Post-acute care services represent an increasingly important part of the health services used by Medicare beneficiaries. While there is no standardized definition of Medicare post-acute care, for purposes of this report these services are defined as post-hospital services received from a skilled nursing facility (SNF), home health agency (HHA), and/or rehabilitation hospital/unit -- inpatient rehabilitation facilities (IRFs). Medicare expenditures for post-acute care services have increased dramatically, consuming an increasing share of total Medicare expenditures. In response to that trend, legislation was enacted to reduce the amount Medicare pays for post-acute care and change the ways the program pays for these services. These significant changes in payment policy and reductions in amounts Medicare will pay for post-acute care services could have a significant impact on access to and quality of care. There are no studies comparing the outcomes of post-acute care following implementation of these payment policy changes.
Implementation of the new post-acute care payment policies has retained setting specific payment methods and amounts. Such fragmentation may perpetuate inappropriate financial incentives for the admission, transfer, and discharge of patients in post-acute care. It has been presumed that there is considerable overlap in the types of patients treated in and the services provided across post-acute care settings, and thus that such fragmentation in payment policies may not be rational. However, these presumptions are not based in solid evidence. Further, questions have recently been raised about how much overlap really exists in patients and services across post-acute care settings. Some have suggested that, to the extent there was overlap, it has diminished since the implementation of recent payment policy changes.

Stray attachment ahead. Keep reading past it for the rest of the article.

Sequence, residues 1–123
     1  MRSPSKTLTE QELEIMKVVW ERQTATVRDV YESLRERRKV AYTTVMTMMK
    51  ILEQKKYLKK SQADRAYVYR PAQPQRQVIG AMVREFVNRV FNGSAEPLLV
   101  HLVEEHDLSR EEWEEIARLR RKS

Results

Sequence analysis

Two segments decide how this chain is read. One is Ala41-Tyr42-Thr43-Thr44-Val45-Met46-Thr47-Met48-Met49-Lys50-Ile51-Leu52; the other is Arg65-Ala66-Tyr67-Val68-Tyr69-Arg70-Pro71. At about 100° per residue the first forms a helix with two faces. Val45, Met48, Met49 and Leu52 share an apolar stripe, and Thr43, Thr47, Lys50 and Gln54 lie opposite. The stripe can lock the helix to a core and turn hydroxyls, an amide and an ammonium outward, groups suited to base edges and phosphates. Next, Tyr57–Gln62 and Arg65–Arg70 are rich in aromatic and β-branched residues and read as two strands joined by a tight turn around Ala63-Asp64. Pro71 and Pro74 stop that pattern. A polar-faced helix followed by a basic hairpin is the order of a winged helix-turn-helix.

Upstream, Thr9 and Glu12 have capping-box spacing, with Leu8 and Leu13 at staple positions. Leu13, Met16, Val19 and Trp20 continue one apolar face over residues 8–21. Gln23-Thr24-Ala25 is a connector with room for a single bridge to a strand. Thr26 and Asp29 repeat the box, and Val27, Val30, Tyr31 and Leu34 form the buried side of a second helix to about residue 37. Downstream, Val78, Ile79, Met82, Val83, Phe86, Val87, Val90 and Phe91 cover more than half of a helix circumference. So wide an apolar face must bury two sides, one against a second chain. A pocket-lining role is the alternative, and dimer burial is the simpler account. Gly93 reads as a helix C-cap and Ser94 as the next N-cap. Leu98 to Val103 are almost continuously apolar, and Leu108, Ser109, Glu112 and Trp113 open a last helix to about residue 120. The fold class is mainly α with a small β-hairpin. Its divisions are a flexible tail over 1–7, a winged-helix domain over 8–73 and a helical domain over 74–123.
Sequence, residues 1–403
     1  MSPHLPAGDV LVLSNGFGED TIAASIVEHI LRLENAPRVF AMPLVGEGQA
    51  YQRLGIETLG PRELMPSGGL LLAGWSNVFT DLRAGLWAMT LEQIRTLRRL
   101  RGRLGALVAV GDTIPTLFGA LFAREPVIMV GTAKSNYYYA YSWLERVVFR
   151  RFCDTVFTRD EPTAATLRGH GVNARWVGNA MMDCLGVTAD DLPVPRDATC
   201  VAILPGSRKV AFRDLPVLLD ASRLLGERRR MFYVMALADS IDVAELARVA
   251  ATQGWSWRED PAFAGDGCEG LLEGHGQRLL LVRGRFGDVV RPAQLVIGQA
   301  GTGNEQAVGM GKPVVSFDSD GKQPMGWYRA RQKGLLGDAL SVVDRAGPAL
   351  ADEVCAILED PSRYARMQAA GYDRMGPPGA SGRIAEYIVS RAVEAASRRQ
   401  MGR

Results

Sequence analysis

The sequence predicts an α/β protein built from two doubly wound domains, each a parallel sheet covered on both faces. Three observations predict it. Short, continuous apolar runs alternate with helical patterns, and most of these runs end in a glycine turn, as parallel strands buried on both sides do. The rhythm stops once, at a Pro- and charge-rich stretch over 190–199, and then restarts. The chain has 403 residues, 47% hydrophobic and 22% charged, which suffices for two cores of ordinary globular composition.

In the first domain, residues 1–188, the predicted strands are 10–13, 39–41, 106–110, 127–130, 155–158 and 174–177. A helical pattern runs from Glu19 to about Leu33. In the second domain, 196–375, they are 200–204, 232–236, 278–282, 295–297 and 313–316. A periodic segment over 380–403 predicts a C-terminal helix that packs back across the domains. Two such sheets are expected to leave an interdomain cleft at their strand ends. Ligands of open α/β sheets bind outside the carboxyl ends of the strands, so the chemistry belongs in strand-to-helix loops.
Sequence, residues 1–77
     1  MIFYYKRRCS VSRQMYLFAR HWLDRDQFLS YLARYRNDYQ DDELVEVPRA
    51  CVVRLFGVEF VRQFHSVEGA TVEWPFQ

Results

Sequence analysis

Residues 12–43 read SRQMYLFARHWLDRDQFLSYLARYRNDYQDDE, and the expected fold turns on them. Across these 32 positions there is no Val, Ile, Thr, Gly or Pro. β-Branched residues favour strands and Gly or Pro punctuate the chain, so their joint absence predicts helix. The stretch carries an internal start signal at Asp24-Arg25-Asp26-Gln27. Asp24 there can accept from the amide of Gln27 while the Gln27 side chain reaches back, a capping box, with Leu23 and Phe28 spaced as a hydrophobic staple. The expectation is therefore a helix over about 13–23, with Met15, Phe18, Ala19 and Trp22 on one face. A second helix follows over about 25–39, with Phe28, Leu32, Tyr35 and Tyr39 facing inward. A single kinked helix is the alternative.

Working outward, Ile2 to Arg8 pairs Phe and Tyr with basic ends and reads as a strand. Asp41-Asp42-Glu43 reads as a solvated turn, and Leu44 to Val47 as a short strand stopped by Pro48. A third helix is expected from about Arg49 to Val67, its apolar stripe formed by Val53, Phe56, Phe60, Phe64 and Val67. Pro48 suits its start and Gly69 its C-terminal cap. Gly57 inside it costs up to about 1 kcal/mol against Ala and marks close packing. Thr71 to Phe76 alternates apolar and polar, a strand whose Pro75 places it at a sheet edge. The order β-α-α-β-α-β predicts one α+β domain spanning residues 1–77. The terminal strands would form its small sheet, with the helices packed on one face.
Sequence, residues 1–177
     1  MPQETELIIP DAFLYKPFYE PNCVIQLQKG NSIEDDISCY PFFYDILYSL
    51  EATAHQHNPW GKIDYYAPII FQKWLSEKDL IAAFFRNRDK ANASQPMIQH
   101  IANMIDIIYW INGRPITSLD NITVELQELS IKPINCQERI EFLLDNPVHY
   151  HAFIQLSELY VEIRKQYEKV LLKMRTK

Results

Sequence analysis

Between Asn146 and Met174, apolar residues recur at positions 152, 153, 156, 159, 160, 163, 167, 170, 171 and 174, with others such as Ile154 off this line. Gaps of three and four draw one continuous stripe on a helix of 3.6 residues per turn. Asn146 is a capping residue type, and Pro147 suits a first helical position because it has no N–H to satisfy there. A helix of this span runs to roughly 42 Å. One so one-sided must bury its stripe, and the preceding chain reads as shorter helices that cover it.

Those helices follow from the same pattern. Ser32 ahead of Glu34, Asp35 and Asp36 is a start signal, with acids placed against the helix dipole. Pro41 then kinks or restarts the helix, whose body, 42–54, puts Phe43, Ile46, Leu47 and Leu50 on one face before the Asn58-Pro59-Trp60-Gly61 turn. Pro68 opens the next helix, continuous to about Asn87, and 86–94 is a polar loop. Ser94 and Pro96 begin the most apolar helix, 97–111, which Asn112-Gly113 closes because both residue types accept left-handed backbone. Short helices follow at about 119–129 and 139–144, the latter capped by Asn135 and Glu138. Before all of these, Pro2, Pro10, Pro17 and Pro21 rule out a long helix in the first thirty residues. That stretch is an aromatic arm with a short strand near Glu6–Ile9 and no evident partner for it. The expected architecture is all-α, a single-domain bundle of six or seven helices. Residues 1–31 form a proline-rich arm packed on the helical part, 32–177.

Medicare expenditures for post-acute care have consumed an increasing share of total Medicare payments. From 1986 to 1996 Medicare payments for post-acute care increased from 3% to 15% of total Medicare expenditures, while Medicare payments for hospital services declined from 61% to 49% of total Medicare payments.1 The shift in Medicare payments from inpatient hospital to post-acute care services is attributed to several factors, including: the implementation of the diagnosis related group (DRG) hospital prospective payment system (PPS) which resulted in patients being discharged quicker sicker from the acute setting to the post-acute arena, technological advances that permitted the delivery of more complex care in downstream post-acute care settings, and Medicare post-acute care coverage and payment policies.1
From 1986 to 1996, Medicare post-acute expenditures increased from $2.5 billion per year to more than $30 billion, growing roughly 25% to 35% per year. The most rapid growth in expenditures was for HHA and SNF care. Contributing to the growth in post-acute care expenditures was the increased numbers of beneficiaries using these types of care, increased utilization of ancillary services (e.g., physical, occupational, and speech therapies, drugs, ventilators, etc.) in SNFs, increased numbers of visits per HHA user, and increased numbers of all types of Medicare certified post-acute care providers.
Approximately 25% of Medicare beneficiaries discharged from a hospital receive post-hospital services in HHAs, SNFs, and/or rehabilitation hospitals/units.2 Approximately 17% of those beneficiaries admitted to a post-acute care setting receive post-acute care from more than one post-acute provider. For some conditions, the proportion is much higher. For example, 65% of Medicare beneficiaries hospitalized for stroke receive post-acute care, and almost 20% of stroke patients receive care from multiple post-acute care providers.